GEORGETOWN - Almost a year after an early morning fire claimed eight historic buildings, a row of plastic construction barrels and mesh separates the site from Front Street, and there's no sign that rebuilding will start anytime soon.

Those familiar with the site say this lack of activity stems from two realities.

First, whatever is built back here must comply with federal flood rules, which require either that the new construction be raised from street level or it that it be designed so the first floor can withstand a storm surge of several feet.

The second reality is the extra cost either option will entail - and the limited rents any rebuilt buildings could be produce.

Tee Martin owns Black Mingo Outfitters, which just escaped the flames, and another building next door that did not. Martin said the property owners have been working together recently to find a solution that works for the city and for them financially.

"It's just taken awhile in a small town to figure out exactly what we need to do," he said. "It costs as much to build in Georgetown as it does in Charleston, but the rents aren't the same. ... If we were getting the square footage rates you are getting on King Street, we'd probably be finished by now."

What the city can (and can't) do

The Sept. 25, 2013, fire claimed eight historic buildings in one of the city's most heavily trafficked spots, between the 700 block of Front Street and the Harborwalk over the Sampit River. No one died in the blaze, which is believed to have stemmed from oil-soaked rags.

The city quickly tried to do what it could to help the property owners - the eight burned lots are owned by seven different groups - by hiring a financial, design and engineering team to advise them on rebuilding.

But the owners weren't interested in contributing to the cost, and City Council ultimately didn't approve it.

"That didn't go anywhere, unfortunately," Mayor Jack Scoville said. "At this point, we're looking at the property owners to show us the way. The ball is kind of in their court."

The city remains involved, however. Scoville said it is the early stages of looking for state or federal grants that could offset some of the cost of complying with the flood rules.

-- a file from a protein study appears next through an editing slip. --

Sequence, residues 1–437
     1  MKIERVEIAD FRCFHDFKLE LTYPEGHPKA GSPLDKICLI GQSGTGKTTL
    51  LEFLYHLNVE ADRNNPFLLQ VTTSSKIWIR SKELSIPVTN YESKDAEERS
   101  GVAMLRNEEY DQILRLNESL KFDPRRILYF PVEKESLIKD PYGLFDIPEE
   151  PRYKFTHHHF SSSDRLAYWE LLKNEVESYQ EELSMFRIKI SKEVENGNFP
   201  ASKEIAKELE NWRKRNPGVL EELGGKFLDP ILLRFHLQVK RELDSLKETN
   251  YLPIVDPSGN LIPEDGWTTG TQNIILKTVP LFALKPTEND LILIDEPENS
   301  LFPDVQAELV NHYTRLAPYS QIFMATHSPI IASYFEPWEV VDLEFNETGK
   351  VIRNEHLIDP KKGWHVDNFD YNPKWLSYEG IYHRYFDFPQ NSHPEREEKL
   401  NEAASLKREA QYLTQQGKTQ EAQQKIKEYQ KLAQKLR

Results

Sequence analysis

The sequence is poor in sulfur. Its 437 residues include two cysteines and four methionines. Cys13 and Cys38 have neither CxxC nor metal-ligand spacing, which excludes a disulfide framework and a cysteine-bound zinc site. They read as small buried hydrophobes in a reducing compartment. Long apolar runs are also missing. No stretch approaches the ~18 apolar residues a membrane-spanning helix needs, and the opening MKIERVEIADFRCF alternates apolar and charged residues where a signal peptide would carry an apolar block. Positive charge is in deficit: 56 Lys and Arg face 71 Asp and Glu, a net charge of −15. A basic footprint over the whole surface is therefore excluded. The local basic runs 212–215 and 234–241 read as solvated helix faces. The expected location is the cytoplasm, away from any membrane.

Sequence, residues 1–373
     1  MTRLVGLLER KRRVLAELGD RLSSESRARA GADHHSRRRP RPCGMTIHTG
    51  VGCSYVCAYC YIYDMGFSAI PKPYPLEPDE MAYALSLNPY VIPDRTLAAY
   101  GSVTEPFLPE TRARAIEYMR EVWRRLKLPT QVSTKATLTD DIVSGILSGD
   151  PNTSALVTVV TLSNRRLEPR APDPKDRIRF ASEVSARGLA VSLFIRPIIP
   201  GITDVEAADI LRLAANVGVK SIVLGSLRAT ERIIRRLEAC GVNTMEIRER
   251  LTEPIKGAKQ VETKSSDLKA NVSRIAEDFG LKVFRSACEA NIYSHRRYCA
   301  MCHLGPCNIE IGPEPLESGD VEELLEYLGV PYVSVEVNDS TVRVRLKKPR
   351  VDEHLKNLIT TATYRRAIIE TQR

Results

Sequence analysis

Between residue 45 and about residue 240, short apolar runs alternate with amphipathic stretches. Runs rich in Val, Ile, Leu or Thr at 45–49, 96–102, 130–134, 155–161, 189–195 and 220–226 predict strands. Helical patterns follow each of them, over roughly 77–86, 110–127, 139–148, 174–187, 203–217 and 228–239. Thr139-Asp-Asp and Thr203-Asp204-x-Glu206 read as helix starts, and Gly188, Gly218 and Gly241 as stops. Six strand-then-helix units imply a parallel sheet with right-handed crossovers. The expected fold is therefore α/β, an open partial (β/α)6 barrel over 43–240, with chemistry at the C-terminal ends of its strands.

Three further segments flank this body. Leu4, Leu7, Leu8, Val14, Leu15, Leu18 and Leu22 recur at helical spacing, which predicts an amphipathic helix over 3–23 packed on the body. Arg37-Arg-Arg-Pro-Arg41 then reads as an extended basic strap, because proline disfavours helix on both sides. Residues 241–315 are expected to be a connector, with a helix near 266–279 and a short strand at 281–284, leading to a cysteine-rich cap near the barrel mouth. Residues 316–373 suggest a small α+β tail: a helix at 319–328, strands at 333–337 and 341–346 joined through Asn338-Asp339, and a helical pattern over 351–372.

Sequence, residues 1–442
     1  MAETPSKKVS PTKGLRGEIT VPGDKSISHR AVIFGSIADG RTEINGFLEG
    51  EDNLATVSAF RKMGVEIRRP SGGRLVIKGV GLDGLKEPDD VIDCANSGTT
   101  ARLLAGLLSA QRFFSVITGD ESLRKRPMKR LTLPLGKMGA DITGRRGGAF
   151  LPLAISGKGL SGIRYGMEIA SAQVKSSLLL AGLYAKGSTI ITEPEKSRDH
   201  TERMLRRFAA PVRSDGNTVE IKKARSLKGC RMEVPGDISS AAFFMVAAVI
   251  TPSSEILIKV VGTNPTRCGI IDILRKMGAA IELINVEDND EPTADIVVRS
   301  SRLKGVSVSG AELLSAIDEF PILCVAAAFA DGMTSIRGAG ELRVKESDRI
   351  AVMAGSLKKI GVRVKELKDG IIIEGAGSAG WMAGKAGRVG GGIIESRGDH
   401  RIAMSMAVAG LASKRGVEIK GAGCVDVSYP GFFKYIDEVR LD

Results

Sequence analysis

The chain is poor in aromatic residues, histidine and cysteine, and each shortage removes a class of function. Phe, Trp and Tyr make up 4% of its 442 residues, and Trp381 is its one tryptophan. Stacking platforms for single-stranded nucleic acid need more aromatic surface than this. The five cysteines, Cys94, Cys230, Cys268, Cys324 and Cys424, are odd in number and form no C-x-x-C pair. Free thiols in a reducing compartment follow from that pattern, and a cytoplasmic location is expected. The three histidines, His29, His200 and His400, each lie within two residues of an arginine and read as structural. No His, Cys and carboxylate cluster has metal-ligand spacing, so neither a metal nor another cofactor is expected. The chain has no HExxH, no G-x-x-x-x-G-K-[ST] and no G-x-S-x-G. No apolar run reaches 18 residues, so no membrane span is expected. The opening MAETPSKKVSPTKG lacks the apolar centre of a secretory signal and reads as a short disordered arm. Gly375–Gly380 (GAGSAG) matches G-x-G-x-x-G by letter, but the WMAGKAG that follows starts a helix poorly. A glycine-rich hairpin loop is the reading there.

"(But) you can't spend public money on private property," he said. "Whatever happens is going to have to be very creative, but it also has to be legal. It's just very complicated."

Scoville suggested such grants could be used to build a common foundation for the site but suggested that might involve city ownership of the foundation, "and I don't know if the property owners are even willing to consider that."

Miller said there was hope for landing a Federal Emergency Management Agency grant, but that didn't pan out.

"We did apply last fall to FEMA, but we didn't do well because the FEMA flood grant programs are set up for buildings with flood losses and our buildings were lost to a fire."

A looming deadline

Miller said another reason rebuilding was delayed was the discovery of asbestos in the buildings' debris pile.

That slowed efforts to clear the site, but that work was completed a few months ago.

More recently, Miller said the owners have been talking to a local contractor and engineer to explore the most cost-effective approach for meeting the flood rules - an approach that might involve a hybrid of slightly higher elevation and floodproofing.

Both Scoville and Miller agreed higher elevations would not be desirable - they would not match their historic neighbors and would make casual window shopping difficult or even impossible.

"We don't want to raise them up if we don't have to," Miller said. "You want to do what's best for the city, but we have to do what's financially efficient, too."

Miller said the owners are definitely looking to have their foundations engineered and built under one contract, though the owners also have been talking to different architects and might do their own thing once the foundation is in.

As the first anniversary of the Sept. 25 nears, the property owners are feeling the need to start rebuilding sometime soon.

If work hasn't been permitted by Sept. 25, 2015 - the two-year anniversary - Miller said the owners could have to undergo a time-consuming process to get waivers to build on the river from the state office of Ocean and Coastal Resource Management and the U.S. Army Corps of Engineers. That extra step would only add to the delays and the cost.

"There is a sense of urgency to get it done within two years," he said. "We wish we were already under construction. Then again, this is a lot of money, and nobody wants to make any crazy mistakes."

Reach Robert Behre at 937-5771.